In 2015, she was selected to participate in the ultra-popular television show, “The Voice.” She sang “Haramtou Bik Nouassi,” a love balad from the Arab-Andalusian melting pot, galvanizing an audience on both sides of the Mediterranean. It would make her a household name for many French viewers, which helped her break free of the “world music” label with which most foreign artists get stuck when moving to Europe.
A year later, Brahmia was picked by director Rachida Brakni, also the daughter of Algerian parents and winner of a French Film Academy César award for her performance in Chaos, to costar in her first full-length film, De sas en sas, form a strong bond with each other as a result of regularly visiting their sons, brothers and husbands in prison.
Over the past five years, Brahmia has continued to tour with many artists. She has also worked on writing more songs with a view to creating “Awa.” second album. She sings in French, Arabic, English and often in Kabyle. “It’s a language I learned with Kabyle musicians, as my family is not from Kabylia, but it’s so defining for Algerian culture and music!” she says. “For this album, I wanted to do everything in the best way, to explore how I had grown as a musician over the years. I also realized that I wanted to explore more my African side more. I always felt African, as my father taught us a lot about our history, and this aspect of our culture that has been almost erased by the colonial period. But our Africanness has always been a part of my life, and I wanted to explore it artistically. That’s why the album is titled ‘Awa,’ which is the name of Eve in different African languages, Eve as our universal mother. I was inspired by our mothers, our lineages, the women who made us. And by the femininity and feminism we need in this world. There remains a lot to do for them, for us, and for human rights in general.”
Brahmia has also been involved for many years as an ambassador for equality in copyright in Africa with CISAC, the International Confederation of Societies of Authors and Composers, and ONDA, the National Office for Copyright and Neighboring Rights in Algeria. This year, she was also regularly invited on French television to discuss her engagement for a better understanding of the Algerian culture in Europe. “I have a lot of hope when I go to Algeria,” she tells me. “Young people have a thirst for life and a true creative force. They have learned from our past mistakes, and they want to be pioneers of change. France and Algeria have passionate relations, but I want my contribution to be in favor of more integration and more mutual understanding.”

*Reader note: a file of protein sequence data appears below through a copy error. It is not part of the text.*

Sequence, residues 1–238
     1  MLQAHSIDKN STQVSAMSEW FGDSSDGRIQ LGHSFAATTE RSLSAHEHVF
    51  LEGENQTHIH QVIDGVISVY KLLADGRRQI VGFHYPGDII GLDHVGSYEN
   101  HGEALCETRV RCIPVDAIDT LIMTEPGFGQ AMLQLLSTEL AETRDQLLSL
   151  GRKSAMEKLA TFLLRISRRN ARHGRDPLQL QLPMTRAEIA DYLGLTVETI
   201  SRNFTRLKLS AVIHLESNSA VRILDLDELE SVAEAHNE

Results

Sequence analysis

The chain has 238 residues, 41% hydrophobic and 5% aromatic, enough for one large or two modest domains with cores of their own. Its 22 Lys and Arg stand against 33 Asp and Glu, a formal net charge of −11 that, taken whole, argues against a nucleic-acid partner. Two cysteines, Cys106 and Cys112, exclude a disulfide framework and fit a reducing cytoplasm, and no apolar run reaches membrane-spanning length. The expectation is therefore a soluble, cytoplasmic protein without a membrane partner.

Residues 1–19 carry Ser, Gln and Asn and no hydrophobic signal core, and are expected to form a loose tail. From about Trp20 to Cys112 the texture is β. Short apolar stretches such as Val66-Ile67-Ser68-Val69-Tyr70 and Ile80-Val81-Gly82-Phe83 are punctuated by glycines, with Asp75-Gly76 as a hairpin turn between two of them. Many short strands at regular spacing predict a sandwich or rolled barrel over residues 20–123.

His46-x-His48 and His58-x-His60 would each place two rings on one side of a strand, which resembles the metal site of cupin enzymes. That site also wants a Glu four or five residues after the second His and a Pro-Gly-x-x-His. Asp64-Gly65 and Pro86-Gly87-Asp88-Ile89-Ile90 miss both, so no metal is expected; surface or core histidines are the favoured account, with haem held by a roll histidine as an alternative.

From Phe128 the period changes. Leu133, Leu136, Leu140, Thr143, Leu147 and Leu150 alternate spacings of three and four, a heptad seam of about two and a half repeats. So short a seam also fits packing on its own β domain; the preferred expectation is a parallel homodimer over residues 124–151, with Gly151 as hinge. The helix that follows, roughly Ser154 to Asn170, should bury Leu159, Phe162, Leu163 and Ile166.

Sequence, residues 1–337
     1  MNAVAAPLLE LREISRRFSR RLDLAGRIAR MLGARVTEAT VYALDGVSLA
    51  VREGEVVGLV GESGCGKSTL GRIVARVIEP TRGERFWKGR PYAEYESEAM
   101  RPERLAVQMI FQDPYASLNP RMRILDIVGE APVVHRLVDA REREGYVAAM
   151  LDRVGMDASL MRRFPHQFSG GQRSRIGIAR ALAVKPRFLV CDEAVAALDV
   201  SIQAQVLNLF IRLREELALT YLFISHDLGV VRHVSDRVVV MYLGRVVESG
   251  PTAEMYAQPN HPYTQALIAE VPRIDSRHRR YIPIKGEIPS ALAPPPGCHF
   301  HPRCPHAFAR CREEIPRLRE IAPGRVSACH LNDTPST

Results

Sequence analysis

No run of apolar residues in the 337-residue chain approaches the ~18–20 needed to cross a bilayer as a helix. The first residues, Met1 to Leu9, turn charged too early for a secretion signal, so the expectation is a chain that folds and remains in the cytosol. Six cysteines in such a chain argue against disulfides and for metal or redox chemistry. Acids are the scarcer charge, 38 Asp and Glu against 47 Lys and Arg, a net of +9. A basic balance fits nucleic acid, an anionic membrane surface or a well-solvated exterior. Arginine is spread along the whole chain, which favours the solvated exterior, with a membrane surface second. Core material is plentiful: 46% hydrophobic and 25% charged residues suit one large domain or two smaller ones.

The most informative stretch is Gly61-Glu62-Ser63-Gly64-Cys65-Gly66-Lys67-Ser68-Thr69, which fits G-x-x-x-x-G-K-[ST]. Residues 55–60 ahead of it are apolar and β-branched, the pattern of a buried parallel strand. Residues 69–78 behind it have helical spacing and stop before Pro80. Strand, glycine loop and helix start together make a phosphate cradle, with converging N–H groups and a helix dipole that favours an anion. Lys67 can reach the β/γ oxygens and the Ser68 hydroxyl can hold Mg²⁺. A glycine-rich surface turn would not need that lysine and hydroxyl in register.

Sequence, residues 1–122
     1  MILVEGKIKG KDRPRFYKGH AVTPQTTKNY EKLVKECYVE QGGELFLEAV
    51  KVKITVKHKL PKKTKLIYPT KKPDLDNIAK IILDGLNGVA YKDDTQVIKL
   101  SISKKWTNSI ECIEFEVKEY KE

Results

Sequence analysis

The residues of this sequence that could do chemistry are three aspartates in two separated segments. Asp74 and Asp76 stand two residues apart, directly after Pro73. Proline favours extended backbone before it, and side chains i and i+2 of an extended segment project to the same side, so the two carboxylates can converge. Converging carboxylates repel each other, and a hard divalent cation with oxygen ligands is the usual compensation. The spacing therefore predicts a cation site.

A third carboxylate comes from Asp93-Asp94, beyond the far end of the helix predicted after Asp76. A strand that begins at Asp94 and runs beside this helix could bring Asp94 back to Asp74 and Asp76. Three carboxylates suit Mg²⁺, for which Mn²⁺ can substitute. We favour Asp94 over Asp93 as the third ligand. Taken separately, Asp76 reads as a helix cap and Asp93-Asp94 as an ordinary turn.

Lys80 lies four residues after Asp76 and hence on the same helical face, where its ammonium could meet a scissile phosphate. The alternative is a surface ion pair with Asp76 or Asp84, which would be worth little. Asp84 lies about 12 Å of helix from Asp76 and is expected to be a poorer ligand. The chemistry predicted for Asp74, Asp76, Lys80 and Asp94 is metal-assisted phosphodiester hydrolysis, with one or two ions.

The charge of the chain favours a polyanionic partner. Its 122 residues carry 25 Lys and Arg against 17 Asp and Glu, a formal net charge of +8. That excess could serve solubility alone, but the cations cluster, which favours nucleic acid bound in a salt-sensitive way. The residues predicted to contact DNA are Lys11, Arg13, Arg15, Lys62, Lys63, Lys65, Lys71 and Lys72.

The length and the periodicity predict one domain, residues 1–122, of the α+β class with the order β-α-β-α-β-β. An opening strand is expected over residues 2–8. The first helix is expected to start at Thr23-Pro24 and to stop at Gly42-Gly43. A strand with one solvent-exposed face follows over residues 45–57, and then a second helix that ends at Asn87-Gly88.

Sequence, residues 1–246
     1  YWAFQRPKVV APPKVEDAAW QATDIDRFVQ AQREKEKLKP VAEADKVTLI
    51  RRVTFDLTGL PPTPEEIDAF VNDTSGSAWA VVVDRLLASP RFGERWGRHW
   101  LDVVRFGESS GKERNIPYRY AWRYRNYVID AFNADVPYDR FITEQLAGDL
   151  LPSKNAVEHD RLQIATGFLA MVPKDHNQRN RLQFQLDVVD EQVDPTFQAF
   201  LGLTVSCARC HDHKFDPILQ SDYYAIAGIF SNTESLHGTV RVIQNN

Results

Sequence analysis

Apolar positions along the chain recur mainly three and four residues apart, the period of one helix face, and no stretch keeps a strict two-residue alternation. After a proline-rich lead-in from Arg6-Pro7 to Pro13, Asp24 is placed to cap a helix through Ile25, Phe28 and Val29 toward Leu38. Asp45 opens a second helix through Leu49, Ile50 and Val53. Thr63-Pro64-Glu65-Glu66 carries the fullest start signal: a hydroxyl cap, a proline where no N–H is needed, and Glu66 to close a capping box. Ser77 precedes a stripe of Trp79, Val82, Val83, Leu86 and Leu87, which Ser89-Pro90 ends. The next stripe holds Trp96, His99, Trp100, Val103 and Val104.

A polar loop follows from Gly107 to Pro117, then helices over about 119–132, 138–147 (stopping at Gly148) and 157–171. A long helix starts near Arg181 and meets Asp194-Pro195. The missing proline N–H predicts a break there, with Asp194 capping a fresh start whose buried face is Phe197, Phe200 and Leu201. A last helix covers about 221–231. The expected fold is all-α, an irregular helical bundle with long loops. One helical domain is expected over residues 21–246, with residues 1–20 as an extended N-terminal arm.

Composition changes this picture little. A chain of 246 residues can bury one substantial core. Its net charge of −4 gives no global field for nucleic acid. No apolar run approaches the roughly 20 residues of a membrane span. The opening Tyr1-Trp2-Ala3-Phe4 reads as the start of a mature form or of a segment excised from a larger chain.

In the more immediate sense, “Awa” came out of Brahmia’s work with her instrumentalists, a band of five (playing the electric guitar, bass, keyboards, brass and drums) who accompany her as she sings and plays the acoustic guitar. “I wanted to create a project for the stage which would propose a journey,” Brahmia explains. “Sometimes I sing alone with my guitar; other times we sound more rock ’n’ roll.”
And it was a journey that magically transported her audience on the night of her private showcase at the IMA in Paris on Friday, September 16th, where I caught her live. Dressed in black and surrounded by bright pink lights, she gave a very moving performance, singing her new songs but also some of her favorite covers, including an homage to the South African icon Miriam Makeba and another to the legendary Kabyle singer Idir.
Among the crowd were also most of the women who were filmed for the music video of her first single, “Mama,” for which they wore clothes from the different parts of the world they originate from — whether West Africa, India, North Africa or Japan — and danced.
With “Awa,” which is very much an affair of the heart, Brahmia shows more of her warm and strong personality, evoking Makeba as well as too often forgotten Algerian female singers Rimitti and Badi Lalla, who is credited as the mother of North African blues and inspired bands such as Tinariwen.
“I believe that music can and should be used as a powerful tool to heal the soul and connect people together,” she says, “and I am convinced that music can save the world.”